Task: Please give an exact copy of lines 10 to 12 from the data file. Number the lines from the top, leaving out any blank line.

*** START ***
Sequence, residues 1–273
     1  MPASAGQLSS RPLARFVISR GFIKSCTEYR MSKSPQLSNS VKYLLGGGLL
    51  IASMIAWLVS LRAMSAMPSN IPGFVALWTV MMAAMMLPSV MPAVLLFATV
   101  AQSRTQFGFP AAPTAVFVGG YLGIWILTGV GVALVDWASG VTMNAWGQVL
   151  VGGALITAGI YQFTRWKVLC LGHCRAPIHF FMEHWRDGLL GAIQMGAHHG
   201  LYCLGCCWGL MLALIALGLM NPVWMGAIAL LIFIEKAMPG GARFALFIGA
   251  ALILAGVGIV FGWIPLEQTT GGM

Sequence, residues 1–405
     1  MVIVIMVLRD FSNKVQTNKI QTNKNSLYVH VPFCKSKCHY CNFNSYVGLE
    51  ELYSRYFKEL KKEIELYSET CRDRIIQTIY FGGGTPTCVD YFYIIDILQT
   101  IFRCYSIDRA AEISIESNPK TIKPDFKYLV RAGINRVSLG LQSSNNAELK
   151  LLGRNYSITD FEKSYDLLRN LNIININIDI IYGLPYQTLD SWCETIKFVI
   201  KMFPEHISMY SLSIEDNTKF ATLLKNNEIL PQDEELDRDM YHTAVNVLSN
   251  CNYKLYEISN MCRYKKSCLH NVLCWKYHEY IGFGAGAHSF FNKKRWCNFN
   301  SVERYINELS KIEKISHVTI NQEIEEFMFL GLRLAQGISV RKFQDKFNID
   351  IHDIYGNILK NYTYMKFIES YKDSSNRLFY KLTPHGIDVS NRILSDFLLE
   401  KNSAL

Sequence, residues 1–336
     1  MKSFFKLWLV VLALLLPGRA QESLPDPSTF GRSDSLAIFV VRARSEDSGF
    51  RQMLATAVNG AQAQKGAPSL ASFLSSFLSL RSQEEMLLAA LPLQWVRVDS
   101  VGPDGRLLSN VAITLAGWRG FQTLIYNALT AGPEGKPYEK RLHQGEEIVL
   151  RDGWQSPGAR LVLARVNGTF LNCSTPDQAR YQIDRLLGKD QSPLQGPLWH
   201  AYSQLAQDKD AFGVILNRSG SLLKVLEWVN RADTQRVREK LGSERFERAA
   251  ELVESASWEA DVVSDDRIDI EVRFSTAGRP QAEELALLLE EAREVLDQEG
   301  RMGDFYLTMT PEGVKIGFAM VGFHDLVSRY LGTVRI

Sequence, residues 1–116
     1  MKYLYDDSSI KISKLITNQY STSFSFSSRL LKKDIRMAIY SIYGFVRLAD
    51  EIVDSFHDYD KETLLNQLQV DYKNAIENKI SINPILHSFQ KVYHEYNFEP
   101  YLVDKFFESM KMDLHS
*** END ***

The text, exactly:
    51  ELYSRYFKEL KKEIELYSET CRDRIIQTIY FGGGTPTCVD YFYIIDILQT
   101  IFRCYSIDRA AEISIESNPK TIKPDFKYLV RAGINRVSLG LQSSNNAELK
   151  LLGRNYSITD FEKSYDLLRN LNIININIDI IYGLPYQTLD SWCETIKFVI